In all countries that have adopted screening laws, the term “foreign investor” is defined as natural or legal persons who is resident/ has its seat in a country (“third country”) which is outside of the European Union (“EU”), the European Economic Area (“EEA”) or Switzerland. Some countries, such as Slovenia, have adopted an even broader definition of foreign investor which includes all non-Slovenian natural and legal persons. In other countries like Hungary, EU, EEA and Swiss companies which are majority owned by third countries are also regarded as foreign investors. In Spain, EU, EEA and Swiss companies where investors from third countries own 25% of the company are also regarded as foreign investors.


Trigger for screening



The trigger for screening in most countries is low so that an acquisition of 10% or more of the voting rights in a company will trigger notification obligations. Additional triggers for screening are imposed including in Slovenia in case of the establishment of a new branch, the production of new products and the establishment of a new company in which foreign investor will have more than 10% voting rights. and in Hungary in case of the transfer of use or operational rights in infrastructure or assets that are indispensable for the operation of strategic companies.


Screening procedure



The above-mentioned investments have to be notified to the relevant screening body (in some cases the Ministry in others the Competition Authority).  A failure to notify in most countries can result in a fine for the company up to 1% of its annual turnover and imprisonment from 6 months to 5 years for persons responsible.


Depending on the country a standstill period of between 45 and 120 days is required to enable the relevant bodies to undertake the screening. Most countries provide for a certification of non-objection to be deemed to have been given upon the expiry of this time period. However, the Slovenian and Hungarian law do not contain such a provision. In fact, Slovenia reserve itself the right to review all foreign investments for 5 years after they were made even the ones which it had previously reviewed and not objected to.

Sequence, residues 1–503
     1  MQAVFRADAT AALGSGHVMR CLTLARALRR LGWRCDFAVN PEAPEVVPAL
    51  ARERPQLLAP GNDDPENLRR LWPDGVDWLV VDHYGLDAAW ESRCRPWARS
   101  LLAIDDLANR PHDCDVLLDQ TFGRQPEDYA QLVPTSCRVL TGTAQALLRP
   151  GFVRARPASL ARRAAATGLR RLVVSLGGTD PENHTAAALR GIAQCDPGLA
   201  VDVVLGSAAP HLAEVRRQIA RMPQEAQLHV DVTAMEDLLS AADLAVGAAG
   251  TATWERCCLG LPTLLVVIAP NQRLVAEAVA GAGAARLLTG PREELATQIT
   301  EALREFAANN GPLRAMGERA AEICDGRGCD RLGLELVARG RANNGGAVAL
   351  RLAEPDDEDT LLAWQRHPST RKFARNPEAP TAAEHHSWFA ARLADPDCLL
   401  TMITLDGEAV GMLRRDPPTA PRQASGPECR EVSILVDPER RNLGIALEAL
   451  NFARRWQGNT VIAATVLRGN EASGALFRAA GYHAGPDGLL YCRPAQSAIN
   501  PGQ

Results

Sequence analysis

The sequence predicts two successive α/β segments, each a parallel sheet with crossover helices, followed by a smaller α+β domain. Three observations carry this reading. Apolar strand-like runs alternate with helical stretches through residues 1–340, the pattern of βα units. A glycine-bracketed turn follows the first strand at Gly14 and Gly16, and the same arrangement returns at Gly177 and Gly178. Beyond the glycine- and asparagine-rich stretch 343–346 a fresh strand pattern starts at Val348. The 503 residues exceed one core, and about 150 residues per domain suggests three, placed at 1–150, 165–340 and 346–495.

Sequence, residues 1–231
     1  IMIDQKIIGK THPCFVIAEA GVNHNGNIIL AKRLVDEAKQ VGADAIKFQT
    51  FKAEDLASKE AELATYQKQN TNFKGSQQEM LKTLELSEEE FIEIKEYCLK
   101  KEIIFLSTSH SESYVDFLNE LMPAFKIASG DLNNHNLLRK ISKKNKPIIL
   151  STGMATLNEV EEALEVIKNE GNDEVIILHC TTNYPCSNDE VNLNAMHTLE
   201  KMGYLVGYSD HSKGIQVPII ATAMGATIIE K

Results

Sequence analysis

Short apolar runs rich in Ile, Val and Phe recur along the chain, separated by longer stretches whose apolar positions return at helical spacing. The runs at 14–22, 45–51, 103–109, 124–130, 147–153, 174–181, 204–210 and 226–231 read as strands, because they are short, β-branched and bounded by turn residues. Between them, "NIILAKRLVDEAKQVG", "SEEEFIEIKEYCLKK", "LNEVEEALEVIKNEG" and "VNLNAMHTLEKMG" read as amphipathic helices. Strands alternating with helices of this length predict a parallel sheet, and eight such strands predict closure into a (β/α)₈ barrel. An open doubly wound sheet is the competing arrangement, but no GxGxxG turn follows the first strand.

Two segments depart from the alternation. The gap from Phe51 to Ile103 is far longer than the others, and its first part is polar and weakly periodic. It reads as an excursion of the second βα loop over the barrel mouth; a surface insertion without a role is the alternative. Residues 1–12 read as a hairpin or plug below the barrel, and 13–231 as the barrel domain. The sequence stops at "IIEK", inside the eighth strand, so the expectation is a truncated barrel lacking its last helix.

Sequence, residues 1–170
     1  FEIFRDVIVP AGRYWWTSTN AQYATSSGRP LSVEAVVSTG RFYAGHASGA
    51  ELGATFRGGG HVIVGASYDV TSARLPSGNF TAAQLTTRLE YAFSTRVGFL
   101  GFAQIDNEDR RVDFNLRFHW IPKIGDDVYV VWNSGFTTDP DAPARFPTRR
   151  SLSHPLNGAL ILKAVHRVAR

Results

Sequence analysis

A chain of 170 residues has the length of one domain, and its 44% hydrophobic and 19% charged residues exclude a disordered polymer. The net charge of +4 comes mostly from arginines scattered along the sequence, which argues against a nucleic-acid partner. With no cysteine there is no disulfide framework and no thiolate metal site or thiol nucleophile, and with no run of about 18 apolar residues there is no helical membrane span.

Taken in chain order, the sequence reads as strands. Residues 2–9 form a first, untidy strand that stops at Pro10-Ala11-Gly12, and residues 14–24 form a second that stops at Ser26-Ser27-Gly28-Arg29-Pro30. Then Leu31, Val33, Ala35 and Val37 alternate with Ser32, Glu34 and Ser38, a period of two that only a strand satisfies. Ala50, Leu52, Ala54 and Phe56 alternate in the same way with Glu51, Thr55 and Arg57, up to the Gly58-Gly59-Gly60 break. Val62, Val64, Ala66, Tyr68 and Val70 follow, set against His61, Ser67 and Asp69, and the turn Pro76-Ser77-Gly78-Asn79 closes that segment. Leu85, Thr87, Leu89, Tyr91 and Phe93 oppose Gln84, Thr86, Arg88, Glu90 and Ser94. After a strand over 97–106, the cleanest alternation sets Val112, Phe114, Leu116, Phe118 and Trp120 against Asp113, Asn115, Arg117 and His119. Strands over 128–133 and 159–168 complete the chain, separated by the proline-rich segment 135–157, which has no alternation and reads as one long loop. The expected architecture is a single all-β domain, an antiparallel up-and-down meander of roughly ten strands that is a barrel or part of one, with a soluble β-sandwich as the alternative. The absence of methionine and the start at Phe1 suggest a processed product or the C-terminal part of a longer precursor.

Potential significant impact on investors, investments and transactions



The potential implications on investors, investments and transactions are significant.


  • Introduction of new condition precedents to completion.


  • Need to prepare more complex documentation and increased transactional costs.


  • Simultaneous signing and completion of transactions is no longer possible.


  • Already progressing or signed deals need to be reviewed and completion is likely to be delayed.


  • Lack of deemed approval and reservation of right to review foreign investment for 5 years after completion generates significant uncertainty.


  • Uncertainty damages deal environment and may impact deal pricing.


  • Creating and enforcing security may be not work (e.g. share pledge).


  • Potential events of default may be triggered.


  • Typical shareholders’ agreements provisions may be impacted (e.g. provisions covering control rights, call options, anti-dilution etc.)




The EU and its Member States, which are the important destinations for Chinese overseas investment, continue to tighten the FDI screening policy through the adoption of the FDI screening laws. As of 28 February 2020, 14 EU Member States had adopted FDI screening mechanisms.[3] These laws  are likely to have  adverse effects on existing and new investments by Chinese investors in the EU. Chinese investors should pay more attention to whether the transaction falls within the scope of the FDI screening laws of the investment destination country. In addition, the possible adverse effects of the FDI screening law on transactions should be considered before entering into a transaction and the transaction structure should be designed to minimise potential adverse effects.


[1] China Council for the Promotion of International Trade, European Union Investment Environment Report, P1.


[3] Austria, Denmark, Finland, France, Germany, Hungary, Italy, Latvia, Lithuania, Netherlands, Poland, Portugal, Romania and Spain.